20%.  OMG, that's massive.
Trustpower customers are paying enough for Infratil to return 20% to its investors.  20%!  Does that mean their prices could be reduced by 20%?  And why shouldn't we expect the privatised electricity generators to do pretty much the same?

Which only leaves the question of how the 20% will be achieved.  The usual suspects are price rises, deferring maintenance and asset stripping.  I'm picking a mix of all three will occur.

The Cure - Mixed Up, 1990

Tuesday, 10 July 2012

Out On The Streets

Out and about, around town last night I found a well lit tree, and a headless mannequin in a doorway behind the cordon.  These are for you, Cr Guyton.

Space Waltz - Space Waltz, 1975

The Best

The Herald has covered the reaction on the more serious political blogs to three Labour MPs wearing vests to a meeting.

Much sharper and better connected minds, including Danyl McLaughlin, Jane Clifton and Lew Stoddard have all has their say.  I think they've over analysed the situation, it is my opinion that what Messrs Shearer, Robertson and Lees-Galloway have done is (sorry, I can't resist) simply the vest.

Tina Turner - Foreign Affair, 1989


mickeysavage has an excellent post on the claim being put to the Waitangi Tribunal regarding the ownership of water.

The political aspects of the claim fascinate me.

Mr Key's claim that no one owns water is one that will strike a chord with many, because that's what we've been taught.  To some extent that is supported by English common law, though the Americans take a somewhat different approach.  The "no one owns water" idea was batted about on The Standard today, with prompt replies of "how come I pay Watercare for it?" and "it costs money at the garage/cafe/supermarket."  The argument is flawed in that the sellers will tell us the payment is for dams/pipes/pumps/maintenance or bottles/bottling plants/transport/marketing, while the water itself is free.  It's difficult to argue with, because in the case of dams/pipes/pumps/maintenance especially, the convenience they provide is enormous.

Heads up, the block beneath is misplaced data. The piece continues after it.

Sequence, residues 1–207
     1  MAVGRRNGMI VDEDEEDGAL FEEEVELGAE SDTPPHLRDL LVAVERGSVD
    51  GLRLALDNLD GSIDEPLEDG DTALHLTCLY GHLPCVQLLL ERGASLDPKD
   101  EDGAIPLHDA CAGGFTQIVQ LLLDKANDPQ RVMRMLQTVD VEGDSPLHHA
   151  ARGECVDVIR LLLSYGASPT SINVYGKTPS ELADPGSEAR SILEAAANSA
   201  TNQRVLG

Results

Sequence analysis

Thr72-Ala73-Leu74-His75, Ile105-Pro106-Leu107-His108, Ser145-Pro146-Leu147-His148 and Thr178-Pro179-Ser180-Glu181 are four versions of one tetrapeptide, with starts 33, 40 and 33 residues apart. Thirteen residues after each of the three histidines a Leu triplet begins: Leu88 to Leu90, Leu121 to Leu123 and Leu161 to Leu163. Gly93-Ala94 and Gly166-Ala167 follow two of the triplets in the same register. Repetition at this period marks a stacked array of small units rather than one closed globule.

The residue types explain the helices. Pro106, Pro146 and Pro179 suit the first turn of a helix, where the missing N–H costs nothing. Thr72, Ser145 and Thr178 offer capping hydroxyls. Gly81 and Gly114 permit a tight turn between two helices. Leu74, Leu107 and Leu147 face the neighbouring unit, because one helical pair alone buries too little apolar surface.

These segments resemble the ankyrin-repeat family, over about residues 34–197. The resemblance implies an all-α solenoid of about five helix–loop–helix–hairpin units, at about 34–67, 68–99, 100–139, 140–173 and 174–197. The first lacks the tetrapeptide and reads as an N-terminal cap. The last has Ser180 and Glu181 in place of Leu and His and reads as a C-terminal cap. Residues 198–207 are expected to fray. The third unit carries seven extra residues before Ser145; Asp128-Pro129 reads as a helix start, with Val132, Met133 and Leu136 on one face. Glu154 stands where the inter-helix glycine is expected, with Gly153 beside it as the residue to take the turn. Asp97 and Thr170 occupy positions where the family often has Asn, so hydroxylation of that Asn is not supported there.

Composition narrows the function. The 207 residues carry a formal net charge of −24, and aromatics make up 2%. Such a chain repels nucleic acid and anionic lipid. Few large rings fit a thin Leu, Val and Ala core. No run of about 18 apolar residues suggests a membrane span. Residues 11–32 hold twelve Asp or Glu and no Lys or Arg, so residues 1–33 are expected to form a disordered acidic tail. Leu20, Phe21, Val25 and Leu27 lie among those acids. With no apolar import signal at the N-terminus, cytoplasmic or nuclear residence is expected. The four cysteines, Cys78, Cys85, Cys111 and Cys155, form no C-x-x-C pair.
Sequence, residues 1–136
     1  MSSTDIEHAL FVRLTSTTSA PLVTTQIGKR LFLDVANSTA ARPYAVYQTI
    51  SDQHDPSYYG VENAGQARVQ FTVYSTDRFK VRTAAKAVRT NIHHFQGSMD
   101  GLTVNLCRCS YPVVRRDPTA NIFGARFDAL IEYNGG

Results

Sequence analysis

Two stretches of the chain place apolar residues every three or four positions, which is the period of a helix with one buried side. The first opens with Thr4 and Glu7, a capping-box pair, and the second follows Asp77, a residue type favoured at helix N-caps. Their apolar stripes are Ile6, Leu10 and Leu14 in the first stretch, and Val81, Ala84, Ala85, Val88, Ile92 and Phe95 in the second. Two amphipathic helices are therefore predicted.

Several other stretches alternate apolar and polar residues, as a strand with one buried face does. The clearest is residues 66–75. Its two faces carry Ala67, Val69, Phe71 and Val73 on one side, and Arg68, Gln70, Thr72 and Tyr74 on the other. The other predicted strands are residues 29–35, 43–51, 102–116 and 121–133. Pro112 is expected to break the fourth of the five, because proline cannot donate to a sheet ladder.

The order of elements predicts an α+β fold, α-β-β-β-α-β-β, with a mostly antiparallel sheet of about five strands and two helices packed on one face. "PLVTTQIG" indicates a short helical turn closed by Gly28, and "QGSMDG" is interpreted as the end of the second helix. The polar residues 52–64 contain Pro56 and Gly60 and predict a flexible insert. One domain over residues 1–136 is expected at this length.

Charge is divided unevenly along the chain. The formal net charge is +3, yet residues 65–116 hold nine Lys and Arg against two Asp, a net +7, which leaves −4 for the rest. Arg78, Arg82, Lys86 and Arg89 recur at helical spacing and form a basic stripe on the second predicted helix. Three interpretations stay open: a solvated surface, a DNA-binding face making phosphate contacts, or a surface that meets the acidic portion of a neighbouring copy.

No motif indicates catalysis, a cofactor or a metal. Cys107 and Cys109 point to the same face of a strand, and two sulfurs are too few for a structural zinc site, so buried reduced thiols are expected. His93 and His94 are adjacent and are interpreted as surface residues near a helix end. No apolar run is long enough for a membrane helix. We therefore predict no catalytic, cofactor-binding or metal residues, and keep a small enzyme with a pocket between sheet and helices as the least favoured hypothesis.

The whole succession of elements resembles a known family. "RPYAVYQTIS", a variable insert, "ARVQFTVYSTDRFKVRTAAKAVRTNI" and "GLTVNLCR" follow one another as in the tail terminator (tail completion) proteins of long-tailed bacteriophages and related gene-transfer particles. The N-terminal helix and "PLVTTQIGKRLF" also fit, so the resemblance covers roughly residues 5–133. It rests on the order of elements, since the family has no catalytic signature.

It seems that we may have been mislead.  While New Zealand law is based on English common law, this is not England.  It is quite possible that someone does own water.

Oh yeah here we go again, shaking.

The conflicting statements from the Prime Minister today, as reported in the Herald:

But speaking to reporters in Hamilton this afternoon, Mr Key said he had never suggested he wouldn't listen to the Tribunal's findings.
"I've said we'll take on board what they're saying but..."
is totally at odds with
"...the Government's not bound the Waitangi Tribunal findings, and neither have any successive Governments been bound by their findings, nor are we bound to give a response."We're going through a process, we'll be interested to see what the Waitangi Tribunal says, we're acting in good faith. We take the tribunal very seriously but that doesn't mean we're bound it, and that's the law in New Zealand."

If he'd stopped before the "but" he'd be on some mighty solid ground.  Explaining that the government is not bound by Waitangi Tribunal rulings at such an early stage is a threat, because the principle that the government is not bound by the Waitangi Tribunal is well established, everyone who has had some involvement is aware of the fact.  And however many times he says otherwise, it's not good faith to threaten someone.

National have not found their way out of the mire they created when they proposed asset sales.  It looks increasingly likely that they will have to either put the process on-hold or draft legislation as brutal as Labour's hated Foreshore & Seabed Act.

Stellar* - Mix, 1999

A Head With Wings

Out and about the centre of town today I came across this topiary stag on Cashel Street.
He's lovely, with all the presence of the bulls on Madras Street, but much more approachable.